Working backwards from God’s wisdom, I considered my own. Proverbs warns about leaning too hard on our own understanding; when I amplified Graham’s message on racism, I bypassed manifold wisdom, settling for the monochrome version of my own. Most American Christians get by on monochrome wisdom, doing what seems best to those in positions of cultural power and privilege—that is, white people. I spent too many years tripping over my own two feet, hurling myself into that very trap. But God’s plan isn’t to make monochromatic wisdom known to the rulers and authorities. He wants so much more.
Living in the center of God’s will requires white Christians to divest of monochrome wisdom. His plan calls us to see beyond ourselves and gaze upon the fullness of his image in our brothers and sisters.
We are overdue for a great reckoning. We may no longer lean on our own understanding of what is or isn’t racist, of which systems stay and which systems go. Becoming co-belligerents and co-laborers requires the continual work of unlearning. It requires not only hearing the words of their spiritual family—but applying them.
White Christians interested in the mystery of Ephesians 3 repent when called to account. They try on spiritual practices that feel unnatural or uncomfortable. They admit their short-sightedness and ask fellow heirs in Christ to help them identify sins and biases. They reject the assumption that monochrome wisdom equals conventional wisdom.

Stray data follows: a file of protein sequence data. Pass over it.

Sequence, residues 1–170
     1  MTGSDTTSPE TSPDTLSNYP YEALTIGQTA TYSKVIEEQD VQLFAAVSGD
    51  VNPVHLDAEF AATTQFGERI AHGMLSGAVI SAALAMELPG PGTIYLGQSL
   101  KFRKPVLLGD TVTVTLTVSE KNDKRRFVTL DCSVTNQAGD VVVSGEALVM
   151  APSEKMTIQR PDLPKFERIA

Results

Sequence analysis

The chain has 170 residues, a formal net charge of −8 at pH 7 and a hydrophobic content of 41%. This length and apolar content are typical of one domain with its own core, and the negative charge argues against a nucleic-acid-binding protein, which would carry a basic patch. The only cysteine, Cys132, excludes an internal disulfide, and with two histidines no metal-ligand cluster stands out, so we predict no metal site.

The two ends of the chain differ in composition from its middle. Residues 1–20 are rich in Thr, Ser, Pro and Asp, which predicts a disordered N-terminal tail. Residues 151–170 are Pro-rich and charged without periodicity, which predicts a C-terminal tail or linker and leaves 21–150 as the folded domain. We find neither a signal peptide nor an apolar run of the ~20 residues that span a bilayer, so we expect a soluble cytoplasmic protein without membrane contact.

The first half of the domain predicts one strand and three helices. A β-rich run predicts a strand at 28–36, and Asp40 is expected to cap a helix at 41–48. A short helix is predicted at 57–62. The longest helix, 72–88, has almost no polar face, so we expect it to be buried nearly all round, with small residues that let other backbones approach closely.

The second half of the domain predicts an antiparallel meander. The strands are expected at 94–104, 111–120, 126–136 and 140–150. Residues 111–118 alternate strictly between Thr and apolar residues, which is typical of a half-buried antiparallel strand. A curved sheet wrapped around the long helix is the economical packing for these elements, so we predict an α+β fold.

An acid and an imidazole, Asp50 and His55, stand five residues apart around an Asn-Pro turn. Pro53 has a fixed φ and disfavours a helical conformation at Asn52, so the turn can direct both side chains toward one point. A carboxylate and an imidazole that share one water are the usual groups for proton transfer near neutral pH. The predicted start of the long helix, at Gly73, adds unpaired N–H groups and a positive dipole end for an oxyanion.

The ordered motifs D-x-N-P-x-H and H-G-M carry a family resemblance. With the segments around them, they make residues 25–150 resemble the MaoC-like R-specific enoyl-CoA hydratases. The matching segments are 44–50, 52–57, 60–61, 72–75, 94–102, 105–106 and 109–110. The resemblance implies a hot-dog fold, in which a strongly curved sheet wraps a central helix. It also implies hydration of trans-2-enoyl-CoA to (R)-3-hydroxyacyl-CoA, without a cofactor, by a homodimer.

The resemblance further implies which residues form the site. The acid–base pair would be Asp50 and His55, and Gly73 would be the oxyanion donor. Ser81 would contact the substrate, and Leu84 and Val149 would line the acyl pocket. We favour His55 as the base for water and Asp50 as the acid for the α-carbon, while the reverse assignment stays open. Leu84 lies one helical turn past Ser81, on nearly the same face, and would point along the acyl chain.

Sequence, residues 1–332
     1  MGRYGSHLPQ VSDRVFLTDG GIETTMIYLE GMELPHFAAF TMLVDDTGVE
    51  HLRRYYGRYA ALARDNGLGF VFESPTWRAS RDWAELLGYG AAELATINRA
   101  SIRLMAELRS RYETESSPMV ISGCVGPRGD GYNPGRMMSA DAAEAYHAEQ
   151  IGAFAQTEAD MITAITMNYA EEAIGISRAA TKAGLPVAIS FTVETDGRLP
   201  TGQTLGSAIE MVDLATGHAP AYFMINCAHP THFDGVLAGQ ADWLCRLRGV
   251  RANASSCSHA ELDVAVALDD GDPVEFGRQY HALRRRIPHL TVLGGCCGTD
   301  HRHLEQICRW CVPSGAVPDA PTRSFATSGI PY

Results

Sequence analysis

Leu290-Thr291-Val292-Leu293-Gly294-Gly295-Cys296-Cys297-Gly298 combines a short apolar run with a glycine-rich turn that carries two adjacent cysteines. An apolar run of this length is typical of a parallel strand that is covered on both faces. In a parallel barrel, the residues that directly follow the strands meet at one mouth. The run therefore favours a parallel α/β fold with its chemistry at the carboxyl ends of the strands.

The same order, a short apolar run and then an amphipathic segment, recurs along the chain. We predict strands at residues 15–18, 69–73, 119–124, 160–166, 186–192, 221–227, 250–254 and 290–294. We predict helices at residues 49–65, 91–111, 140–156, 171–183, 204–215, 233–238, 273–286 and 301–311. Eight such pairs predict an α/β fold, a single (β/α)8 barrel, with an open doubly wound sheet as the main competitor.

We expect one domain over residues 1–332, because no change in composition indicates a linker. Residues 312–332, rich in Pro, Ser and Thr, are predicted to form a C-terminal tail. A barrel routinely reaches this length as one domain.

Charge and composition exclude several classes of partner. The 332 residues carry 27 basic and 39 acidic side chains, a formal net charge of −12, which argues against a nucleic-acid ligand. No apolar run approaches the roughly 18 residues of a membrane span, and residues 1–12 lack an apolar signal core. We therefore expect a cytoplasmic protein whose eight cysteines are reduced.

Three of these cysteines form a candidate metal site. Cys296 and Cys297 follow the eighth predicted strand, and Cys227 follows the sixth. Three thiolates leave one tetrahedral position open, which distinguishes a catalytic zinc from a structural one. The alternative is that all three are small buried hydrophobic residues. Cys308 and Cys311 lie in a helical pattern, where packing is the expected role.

Rejecting monochrome wisdom and embracing manifold wisdom would not cause ripples in the American church—the movement would send needles skipping and stretch the Richter scale to its limits. Notice the difference in monochrome and manifold wisdom, in just a few matters:
- Monochrome wisdom waits for reconciliation in the next life. Manifold wisdom groans, restless for glory to break through right here, right now.
- Monochrome wisdom wants to pay bargain prices for unity. Manifold wisdom embraces the cost, no matter how much it hurts.
- Monochrome wisdom flattens the motivations of white Christian voters, always excusing them when they opt out. Manifold wisdom remembers, like scholar-pastor Mika Edmondson did in a recent tweet, that black Christians have sifted the lesser of two evils for decades.
- Monochrome wisdom applies terms like “fumbling” and “politically incorrect” to racist rhetoric; it terms current events as “racially-tinged” while claiming we can’t discern the motives of a man’s heart. Manifold wisdom declares that any dehumanizing word defames the word made flesh. This wisdom listens to, then echoes, the cry of Abel’s blood coming up from the ground.
- Monochrome wisdom frets over the question “Who is my neighbor?” Manifold wisdom answers the question in active voice.
A few crucial questions face Christians who look like me: Will we settle for our own understanding? Or will we chase after wisdom with more facets, colors and angles than we can ever tire of examining?
As for me and my house, we want to see in holy Technicolor.